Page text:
State Helmet Law Suspended
By LINDA STEIN Staff Writer
FREEHOLD, NEW JERSEY -- Bikers who want to ride their motorcycles with the breeze blowing through their hair should start their engines.
Monmouth County Superior Court Judge William Gilroy issued a ruling Friday suspending enforcement of the state helmet law pending the adoption of new specifications in line with federal law.
Jason Buist of Manasquan and his passenger, Westfield resident Cheryl Mackey, filed a lawsuit challenging the law after receiving $25 tickets in July, said lawyer Jerry Friedman.
New Jersey's law requires riders to wear helmets chosen from a list approved by the director of the state Division of Motor Vehicles and that meet certain specifications, said Friedman. However, that list was never created and the specifications are contrary to those set under federal law, said Friedman.
"Most motorcyclists are aware that the helmet law in this state is defective," said Friedman, a Marlton attorney who specializes in motorcycle litigation.
"I'm not a proponent of not wearing a helmet," said Friedman. "I'm a proponent of choice for those people who'd like to wear no helmet. I think they should be given that choice."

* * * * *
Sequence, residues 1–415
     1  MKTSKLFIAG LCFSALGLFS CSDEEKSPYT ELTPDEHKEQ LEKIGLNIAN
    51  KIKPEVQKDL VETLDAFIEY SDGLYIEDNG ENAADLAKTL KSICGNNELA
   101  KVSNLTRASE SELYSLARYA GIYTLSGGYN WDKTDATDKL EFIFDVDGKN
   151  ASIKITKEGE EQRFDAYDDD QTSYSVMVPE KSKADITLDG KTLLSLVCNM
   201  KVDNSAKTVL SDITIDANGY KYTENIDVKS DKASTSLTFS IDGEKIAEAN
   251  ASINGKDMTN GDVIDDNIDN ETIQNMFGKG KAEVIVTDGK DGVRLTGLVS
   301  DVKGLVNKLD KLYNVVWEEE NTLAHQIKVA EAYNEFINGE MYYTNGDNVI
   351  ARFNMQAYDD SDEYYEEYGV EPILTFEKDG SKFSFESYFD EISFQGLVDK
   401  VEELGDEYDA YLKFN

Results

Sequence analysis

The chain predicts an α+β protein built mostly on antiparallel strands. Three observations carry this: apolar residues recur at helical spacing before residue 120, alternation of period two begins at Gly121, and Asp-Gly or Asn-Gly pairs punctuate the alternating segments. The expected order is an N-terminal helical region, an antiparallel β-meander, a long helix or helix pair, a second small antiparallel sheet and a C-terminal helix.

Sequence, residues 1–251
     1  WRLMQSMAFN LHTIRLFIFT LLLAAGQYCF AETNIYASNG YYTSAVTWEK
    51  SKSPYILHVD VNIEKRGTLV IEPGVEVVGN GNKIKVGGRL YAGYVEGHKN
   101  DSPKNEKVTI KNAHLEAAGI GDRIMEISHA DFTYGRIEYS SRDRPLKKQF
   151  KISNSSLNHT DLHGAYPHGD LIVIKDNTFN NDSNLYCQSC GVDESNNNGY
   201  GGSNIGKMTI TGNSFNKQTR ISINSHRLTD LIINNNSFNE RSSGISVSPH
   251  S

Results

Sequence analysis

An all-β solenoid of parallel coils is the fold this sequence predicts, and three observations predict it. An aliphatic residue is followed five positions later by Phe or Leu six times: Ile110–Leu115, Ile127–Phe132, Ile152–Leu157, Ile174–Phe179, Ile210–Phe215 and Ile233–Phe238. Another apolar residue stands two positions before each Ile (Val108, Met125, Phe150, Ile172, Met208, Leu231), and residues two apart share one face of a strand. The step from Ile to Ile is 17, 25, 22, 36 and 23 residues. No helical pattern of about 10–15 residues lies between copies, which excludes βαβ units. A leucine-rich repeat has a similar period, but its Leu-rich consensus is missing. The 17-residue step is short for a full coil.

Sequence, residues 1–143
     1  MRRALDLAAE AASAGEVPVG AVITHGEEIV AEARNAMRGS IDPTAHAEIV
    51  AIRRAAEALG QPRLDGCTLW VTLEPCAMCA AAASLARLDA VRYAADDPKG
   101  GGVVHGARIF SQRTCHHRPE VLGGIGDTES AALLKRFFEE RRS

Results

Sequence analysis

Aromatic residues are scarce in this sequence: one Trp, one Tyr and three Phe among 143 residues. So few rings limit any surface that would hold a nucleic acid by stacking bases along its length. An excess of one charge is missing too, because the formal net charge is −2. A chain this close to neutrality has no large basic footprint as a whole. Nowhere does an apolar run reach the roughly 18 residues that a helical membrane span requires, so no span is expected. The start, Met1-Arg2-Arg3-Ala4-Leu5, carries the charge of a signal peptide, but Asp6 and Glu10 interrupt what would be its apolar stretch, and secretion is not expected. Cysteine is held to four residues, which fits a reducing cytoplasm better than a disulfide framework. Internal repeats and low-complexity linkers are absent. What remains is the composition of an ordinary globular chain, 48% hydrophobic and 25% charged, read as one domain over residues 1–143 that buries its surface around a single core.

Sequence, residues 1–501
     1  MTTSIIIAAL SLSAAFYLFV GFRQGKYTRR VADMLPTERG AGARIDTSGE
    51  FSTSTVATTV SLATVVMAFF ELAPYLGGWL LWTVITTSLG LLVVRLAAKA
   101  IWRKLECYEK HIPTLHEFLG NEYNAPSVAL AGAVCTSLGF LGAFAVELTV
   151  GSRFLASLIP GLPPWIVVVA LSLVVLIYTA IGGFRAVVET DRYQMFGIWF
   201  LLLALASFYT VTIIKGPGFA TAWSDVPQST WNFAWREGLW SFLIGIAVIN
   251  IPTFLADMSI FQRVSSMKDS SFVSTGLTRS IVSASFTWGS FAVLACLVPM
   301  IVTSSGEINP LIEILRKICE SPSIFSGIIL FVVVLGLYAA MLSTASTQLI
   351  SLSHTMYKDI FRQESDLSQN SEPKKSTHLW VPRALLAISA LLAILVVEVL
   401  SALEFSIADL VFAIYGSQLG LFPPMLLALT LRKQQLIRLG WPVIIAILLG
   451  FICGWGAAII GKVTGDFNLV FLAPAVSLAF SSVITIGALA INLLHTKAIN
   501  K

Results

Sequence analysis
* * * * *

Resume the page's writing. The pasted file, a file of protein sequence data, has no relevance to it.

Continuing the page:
Friedman, who rides a Harley-Davidson, said he wears a helmet and will continue to wear one.
Don't expect all bikers to shun their protective headgear.
"Helmets are good," agreed Patrick Gallagher of Ewing, a customer at Hamilton Yamaha.
Mike Firgone, who works at Mills Harley-Davidson in Burlington, said he always thought the choice to wear a helmet should be up to the individual.
"Speaking for myself personally, I've always felt helmets are a good choice," he said. But some helmets are heavy and can cause neck fatigue. Others can impair a rider's vision and hearing. In some settings like rural roads he would not wear a helmet, said Firgone.
According to the Insurance Institute for Highway Safety, helmets are about 24 percent effective in preventing motorcycle deaths and 67 percent effective in preventing brain injuries. An unhelmeted rider is 40 percent more likely to suffer a fatal head injury than one wearing a helmet. Twenty-one states and the District of Columbia require riders to wear helmets.
Dana Sullivan, a spokesman for the Department of Transportation, had not seen the ruling yesterday and could not say if an appeal was planned.
The Times, Trenton, New Jersey
Link to attorney who argued the case: Jerry Friedman, Esq.
Monmouth County Superior Court Order